Day 1: Uzbekistan

It's late June in Tashkent, 11am, 32° in the shade (90°F), UV index off the charts, 24% humidity.  A really nice day for this time of year.  We walk to Café Breadly from our house through the mahalla where the workers from the regions have been busy on on all the various house construction/remodel projects since … Continue reading Day 1: Uzbekistan

Day 3: Fayoz-Tepe

While Kara-Tepe may be the more exciting Buddhist monastical complex, located well within the sensitive border zone, requiring advance permission, nice view of Afghanistan, and shrapnel mixed in among the ancient pot shards, Fayoz-Tepe is decidedly the more monumental of the two.  They're even within sight of each other, and date from the same period, … Continue reading Day 3: Fayoz-Tepe

Day 5: Kara-Tepe

The most extensive Buddhist monastical complex yet discovered in Uzbekistan, the Kara-Tepe archeological site is spread over three sections and dates from the second century AD when territory united under the Kushan Empire enabled Buddhism to spread from India northwards along the silk road.  The three sections represent three distinct architectural periods, with the uppermost … Continue reading Day 5: Kara-Tepe

Day 12: Mausoleum of Al-Hakim al-Termizi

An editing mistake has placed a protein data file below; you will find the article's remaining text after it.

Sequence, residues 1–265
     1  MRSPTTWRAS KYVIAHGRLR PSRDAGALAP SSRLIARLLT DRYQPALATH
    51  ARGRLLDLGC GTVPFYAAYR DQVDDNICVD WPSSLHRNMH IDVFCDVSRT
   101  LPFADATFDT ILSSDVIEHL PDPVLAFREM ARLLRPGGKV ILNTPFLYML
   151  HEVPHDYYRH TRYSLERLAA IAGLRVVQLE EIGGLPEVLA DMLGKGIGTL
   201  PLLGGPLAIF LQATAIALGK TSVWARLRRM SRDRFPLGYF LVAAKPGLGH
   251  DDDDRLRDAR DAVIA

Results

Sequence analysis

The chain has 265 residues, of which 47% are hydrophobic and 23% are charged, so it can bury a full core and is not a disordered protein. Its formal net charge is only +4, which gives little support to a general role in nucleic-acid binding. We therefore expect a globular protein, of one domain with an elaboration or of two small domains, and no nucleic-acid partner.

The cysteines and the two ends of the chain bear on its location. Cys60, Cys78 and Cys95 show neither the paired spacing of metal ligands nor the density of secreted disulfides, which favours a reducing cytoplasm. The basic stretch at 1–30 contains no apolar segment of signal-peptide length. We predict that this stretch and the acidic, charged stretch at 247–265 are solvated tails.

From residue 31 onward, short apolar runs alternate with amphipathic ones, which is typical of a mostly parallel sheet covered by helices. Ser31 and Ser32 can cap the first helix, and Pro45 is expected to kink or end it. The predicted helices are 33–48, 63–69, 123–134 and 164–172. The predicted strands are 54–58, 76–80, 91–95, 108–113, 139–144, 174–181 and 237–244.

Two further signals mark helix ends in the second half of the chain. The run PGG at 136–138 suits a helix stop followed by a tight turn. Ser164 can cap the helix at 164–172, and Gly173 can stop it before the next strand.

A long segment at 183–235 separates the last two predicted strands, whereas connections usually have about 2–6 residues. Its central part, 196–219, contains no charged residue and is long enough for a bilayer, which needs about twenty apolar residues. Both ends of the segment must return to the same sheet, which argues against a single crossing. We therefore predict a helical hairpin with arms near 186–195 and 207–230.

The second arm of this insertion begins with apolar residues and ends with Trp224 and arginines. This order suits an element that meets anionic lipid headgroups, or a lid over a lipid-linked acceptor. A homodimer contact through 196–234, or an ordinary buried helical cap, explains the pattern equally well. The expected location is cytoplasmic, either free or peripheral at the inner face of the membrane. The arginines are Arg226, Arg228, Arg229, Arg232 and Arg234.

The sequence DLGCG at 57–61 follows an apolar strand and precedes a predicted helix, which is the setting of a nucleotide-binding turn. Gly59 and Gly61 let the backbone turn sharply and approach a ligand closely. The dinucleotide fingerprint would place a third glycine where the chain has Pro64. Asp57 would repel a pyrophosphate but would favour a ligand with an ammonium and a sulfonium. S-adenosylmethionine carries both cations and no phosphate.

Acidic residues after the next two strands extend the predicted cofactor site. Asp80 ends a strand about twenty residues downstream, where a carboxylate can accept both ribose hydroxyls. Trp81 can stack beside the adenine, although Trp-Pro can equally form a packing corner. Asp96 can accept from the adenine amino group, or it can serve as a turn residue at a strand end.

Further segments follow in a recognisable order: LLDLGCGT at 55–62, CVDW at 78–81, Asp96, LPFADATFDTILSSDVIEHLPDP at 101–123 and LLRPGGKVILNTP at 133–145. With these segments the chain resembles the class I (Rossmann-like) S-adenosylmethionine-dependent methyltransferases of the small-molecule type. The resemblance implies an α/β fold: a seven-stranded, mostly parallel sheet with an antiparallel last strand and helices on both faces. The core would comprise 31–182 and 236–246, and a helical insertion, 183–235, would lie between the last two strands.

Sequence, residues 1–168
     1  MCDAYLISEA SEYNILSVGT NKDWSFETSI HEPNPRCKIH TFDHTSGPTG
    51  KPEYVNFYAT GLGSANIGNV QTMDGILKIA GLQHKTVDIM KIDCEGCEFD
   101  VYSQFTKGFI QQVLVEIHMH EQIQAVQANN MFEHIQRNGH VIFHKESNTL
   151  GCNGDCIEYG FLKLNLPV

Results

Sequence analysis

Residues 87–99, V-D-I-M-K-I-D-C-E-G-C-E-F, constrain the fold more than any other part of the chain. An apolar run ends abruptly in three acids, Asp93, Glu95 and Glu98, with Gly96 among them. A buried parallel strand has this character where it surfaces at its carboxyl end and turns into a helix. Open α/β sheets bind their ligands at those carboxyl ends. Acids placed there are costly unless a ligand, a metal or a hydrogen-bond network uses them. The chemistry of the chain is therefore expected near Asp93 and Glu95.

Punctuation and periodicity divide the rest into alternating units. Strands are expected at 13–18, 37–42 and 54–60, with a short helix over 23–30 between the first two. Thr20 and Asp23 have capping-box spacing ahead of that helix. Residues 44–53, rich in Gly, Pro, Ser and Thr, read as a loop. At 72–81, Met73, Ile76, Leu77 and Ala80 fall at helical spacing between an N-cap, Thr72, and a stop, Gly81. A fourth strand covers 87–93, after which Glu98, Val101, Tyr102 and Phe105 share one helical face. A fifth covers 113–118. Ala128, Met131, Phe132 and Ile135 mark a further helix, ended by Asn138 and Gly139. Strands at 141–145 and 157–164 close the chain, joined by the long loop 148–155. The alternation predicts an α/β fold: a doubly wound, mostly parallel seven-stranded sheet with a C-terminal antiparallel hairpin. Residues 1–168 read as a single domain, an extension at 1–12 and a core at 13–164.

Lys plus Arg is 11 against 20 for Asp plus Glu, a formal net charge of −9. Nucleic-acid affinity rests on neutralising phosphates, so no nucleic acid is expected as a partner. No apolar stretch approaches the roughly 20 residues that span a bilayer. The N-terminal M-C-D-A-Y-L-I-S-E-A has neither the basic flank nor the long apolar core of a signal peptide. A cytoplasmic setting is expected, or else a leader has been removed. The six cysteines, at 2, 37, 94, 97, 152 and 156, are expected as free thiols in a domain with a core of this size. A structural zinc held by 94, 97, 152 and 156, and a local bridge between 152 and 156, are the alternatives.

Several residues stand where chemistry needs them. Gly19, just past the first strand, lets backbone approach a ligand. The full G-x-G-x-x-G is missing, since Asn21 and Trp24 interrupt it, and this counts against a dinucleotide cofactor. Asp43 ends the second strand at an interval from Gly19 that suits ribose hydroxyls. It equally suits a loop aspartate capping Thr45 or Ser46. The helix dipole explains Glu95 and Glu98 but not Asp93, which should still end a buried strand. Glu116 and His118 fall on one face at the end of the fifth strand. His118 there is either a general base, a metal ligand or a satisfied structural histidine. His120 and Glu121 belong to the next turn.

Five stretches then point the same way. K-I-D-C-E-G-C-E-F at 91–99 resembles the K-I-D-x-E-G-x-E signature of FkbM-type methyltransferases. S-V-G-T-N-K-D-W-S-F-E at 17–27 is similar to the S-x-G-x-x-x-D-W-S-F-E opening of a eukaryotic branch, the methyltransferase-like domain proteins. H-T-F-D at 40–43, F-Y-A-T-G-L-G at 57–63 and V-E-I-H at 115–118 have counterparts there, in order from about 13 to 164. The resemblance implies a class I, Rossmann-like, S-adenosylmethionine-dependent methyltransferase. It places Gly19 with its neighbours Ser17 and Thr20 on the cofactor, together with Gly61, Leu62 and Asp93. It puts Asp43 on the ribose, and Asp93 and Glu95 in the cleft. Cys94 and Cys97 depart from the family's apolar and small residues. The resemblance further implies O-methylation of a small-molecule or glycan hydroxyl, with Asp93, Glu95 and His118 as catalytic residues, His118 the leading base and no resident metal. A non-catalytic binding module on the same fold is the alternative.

The Al-Hakim al-Termizi complex on the edge of old-Termez is a conglomerate of several structures built from the 11th to 15th centuries dedicated to the 9th century Sufi mystic, great early Islamic author, and most important representative of Central Asian Sufism, Abu Abdullah Muhammad bin Ali bin Hasan bin Bashir Al Hakim At-Termizi.  Born in … Continue reading Day 12: Mausoleum of Al-Hakim al-Termizi

Day 13: Sultan Saodat Ensemble

Termez may be best known for its many Buddhist archeological sites, but the 2,500 year old city also boasts several important architectural landmarks from the Islamic era.  For those travelers already familiar with the Sah-i-Zinda Necropolis in Samarkand, the Sultan Saodat Ensemble may seem underwhelming, however those who make the effort to explore this ancient mausoleum … Continue reading Day 13: Sultan Saodat Ensemble

Day 15: Buddhism in Uzbekistan

Before there were Chinese Buddhists, before there were Korean Buddhists, and before there were Japanese Buddhists, there were Uzbek Buddhists, or at least late Greco-Bactrian and Kushan Buddhists.  As Mahayana Buddhism spread out of India through Pakistan, Afghanistan, and Uzbekistan, Termez became a center of Buddhist teaching at an essential hub on the silk road.  From … Continue reading Day 15: Buddhism in Uzbekistan

Day 20: Palace of Arts – Turkistan

Located between Independence Square and the Monument of Courage, directly across the street from Tashkent's Crying Mother Monument, the Palace of Arts "Turkiston" is another of the Uzbek capital city's most imposing Soviet era monuments visitors will find hard to miss. Construction started in the final days of the USSR, but was derailed by lack of … Continue reading Day 20: Palace of Arts – Turkistan